In class we talked about Desire. And what did we say? That desires can never be met so if we ever do get something we desired our feeling of desire goes away (which would suggest that so would any value we had placed on the object of desire?), and then we come up with new desires because we’re all into never being satisfied and constantly wanting and going after things? And that this is the nature of Desire and this is how it ALWAYS works?
I do not understand this. There have been things I’ve wanted that I got, and I was very happy and content and still really valued them and the desire was still there except it just changed, from WANTING to have those things to wanting to CONTINUE to have those things. To be more specific, when I got to spend time with friends I’d been “desiring” to see, new desires don’t crop up in me once that desire is met and I’m hanging out with them. But the desire does change (and is still PRESENT, even though it has been met) from wanting to spend time with them to wanting to continue to spend time with them, not wanting it to end. I think that is different than the new replacement desires we were talking about in class.
So then what? Do humans not apply to this Desire rule? Only objects? And is it really an ALWAYS kind of thing? If I get an iPod, what new desire is going to come up because the iPod desire has been met? I’m not one of those people who wants an upgrade of technology stuff every two seconds. And when I’m listening to my iPod, even though I’ve met my iPod desire by having possession of it, aren’t I still valuing it because it feels good when I listen to it? And I will have other desires, but is it really BECAUSE my iPod desire was met? If I get an iPod and then the next day desire to buy some new clothes at Rue 21, the two are totally unrelated – I still would have desired to buy those clothes even if my iPod desire had not been met yet.
What am I not understanding?
One of the main complaints that I could imagine readers had for Freedom was it’s seemingly abrupt ending. After following the Berglunds and their friends for just over five hundred pages -in the paperback version of course– the story ends by only somewhat giving the reader closure. This should not take away from the meaning of the book, and even in this case it doesn’t. However, when one takes so much time developing images of these characters in their mind, it is hard to accept that things “are how they are”, which is arguably the approach that Franzen has taken to end this novel.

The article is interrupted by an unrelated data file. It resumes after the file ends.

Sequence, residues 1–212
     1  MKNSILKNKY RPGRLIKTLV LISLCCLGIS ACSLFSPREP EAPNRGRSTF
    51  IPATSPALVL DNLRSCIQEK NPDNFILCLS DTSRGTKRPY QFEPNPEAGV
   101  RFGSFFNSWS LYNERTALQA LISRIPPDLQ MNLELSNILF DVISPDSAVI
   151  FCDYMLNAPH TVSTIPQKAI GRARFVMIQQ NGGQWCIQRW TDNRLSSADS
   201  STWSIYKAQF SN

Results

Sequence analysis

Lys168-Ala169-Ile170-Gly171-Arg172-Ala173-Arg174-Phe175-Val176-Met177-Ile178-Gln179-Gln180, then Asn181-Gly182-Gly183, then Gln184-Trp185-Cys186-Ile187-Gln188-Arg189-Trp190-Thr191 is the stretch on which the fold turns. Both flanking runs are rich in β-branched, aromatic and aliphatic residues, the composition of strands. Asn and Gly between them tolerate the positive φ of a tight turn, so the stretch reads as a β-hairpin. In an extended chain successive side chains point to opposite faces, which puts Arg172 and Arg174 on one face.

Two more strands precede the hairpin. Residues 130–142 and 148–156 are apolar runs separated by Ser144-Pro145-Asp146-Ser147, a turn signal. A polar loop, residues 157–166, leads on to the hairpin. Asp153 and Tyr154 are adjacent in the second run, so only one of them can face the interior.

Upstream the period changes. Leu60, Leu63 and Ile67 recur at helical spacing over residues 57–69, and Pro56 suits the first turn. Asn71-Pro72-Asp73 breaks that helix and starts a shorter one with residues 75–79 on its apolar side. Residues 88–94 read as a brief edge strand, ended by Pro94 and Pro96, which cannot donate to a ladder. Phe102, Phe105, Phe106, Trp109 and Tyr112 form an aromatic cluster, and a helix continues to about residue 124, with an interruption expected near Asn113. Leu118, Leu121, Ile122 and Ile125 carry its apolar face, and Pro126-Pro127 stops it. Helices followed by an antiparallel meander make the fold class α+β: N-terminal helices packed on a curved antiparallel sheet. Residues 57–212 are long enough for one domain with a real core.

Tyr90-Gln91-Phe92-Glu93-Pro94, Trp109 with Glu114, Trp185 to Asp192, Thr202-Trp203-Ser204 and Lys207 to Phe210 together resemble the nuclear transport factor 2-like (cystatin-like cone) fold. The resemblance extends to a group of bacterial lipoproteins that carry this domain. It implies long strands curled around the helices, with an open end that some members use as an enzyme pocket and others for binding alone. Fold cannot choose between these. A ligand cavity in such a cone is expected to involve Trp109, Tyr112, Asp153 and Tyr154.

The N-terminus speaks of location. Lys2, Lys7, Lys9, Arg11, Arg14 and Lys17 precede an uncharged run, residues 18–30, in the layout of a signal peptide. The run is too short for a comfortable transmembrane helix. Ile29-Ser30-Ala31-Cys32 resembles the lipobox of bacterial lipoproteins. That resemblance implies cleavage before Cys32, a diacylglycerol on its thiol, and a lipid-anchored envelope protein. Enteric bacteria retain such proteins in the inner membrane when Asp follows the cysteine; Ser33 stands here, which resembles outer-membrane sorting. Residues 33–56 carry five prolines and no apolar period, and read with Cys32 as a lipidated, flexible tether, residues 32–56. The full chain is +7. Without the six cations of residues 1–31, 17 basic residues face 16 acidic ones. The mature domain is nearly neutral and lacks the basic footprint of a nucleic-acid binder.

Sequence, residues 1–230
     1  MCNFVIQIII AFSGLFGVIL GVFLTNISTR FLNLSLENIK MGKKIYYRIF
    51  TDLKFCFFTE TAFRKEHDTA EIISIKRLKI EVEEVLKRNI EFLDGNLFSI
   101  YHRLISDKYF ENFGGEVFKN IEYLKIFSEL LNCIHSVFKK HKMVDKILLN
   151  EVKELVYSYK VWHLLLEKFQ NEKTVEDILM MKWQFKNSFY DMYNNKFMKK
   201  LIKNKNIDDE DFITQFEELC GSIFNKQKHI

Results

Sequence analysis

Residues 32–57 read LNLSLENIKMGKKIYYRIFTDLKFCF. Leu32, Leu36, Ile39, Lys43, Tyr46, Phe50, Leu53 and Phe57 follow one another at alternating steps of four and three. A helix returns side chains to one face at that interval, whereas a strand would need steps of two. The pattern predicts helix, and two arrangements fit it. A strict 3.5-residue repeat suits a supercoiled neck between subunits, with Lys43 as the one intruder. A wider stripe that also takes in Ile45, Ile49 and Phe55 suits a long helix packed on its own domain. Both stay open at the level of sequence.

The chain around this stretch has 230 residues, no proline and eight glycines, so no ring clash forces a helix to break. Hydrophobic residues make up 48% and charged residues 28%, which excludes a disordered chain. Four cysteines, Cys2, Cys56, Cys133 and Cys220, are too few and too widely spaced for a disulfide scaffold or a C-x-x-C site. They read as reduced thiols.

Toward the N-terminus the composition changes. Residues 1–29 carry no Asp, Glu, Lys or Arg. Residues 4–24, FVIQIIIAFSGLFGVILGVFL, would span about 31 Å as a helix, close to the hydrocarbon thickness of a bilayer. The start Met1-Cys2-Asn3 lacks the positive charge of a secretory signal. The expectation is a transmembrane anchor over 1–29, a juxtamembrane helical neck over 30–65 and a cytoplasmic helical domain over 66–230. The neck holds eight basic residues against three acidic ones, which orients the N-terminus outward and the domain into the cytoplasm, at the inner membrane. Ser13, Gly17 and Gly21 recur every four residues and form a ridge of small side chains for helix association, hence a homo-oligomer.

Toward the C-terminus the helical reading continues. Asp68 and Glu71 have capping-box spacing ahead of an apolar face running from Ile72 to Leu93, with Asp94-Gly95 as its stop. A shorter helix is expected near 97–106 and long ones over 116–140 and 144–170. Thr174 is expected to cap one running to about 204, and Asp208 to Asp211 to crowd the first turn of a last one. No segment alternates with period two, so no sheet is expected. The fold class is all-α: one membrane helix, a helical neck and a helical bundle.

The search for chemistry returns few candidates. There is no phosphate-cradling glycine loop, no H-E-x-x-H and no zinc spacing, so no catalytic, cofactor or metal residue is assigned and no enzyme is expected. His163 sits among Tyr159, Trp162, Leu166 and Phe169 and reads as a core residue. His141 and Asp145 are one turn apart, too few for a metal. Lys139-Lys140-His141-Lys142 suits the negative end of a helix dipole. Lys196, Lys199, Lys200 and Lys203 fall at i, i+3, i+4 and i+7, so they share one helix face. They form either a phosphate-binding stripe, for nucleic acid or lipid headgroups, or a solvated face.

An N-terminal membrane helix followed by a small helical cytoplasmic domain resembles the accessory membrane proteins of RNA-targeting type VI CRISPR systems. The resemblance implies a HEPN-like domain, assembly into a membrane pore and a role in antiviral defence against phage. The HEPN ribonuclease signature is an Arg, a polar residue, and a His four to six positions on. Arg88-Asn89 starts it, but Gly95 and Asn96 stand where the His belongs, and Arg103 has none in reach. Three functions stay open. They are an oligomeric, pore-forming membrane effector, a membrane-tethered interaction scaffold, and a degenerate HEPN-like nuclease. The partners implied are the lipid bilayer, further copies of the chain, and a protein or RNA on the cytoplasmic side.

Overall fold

This being said, one of the best parts of the novel, in my opinion, was Patty’s conclusion: “The autobiographer is fifty-two now and looks it. Her periods have lately been strange and irregular. Every year at tax time, it seems as if the year just past was shorter than the year before it;the years are becoming so similar to each other. She can imagine several encouraging reasons why Walter hasn’t divorced her–he might, for example, still hate her too much to put himself even minimally in contact with her–but her heart persists that in taking courage from the fact that he hasn’t. (569)” This is one of my favorite passages in the book because not only does it tell you what has happened between Patty and her husband (up to this point), but it also has enough emotion to show how the writer is feeling. However, one paragraph later it appears as though she runs out of steam, in a sense. She simply states that this is all that she has to say. Perhaps this is Franzen trying to bring a more human element (similar to the emotion in the previous paragraph). Nonetheless, it does make for quite an abrupt ending, but perhaps a necessary one. In a way, wouldn’t it be un-Franzen-like to simply take the human element out of his conclusion. He has gone this far with his character development and relationship building. He does most of this by pulling in readers’ emotions. Why then, at this point, would he change his writing style just to give the reader some extra closure. Think about it.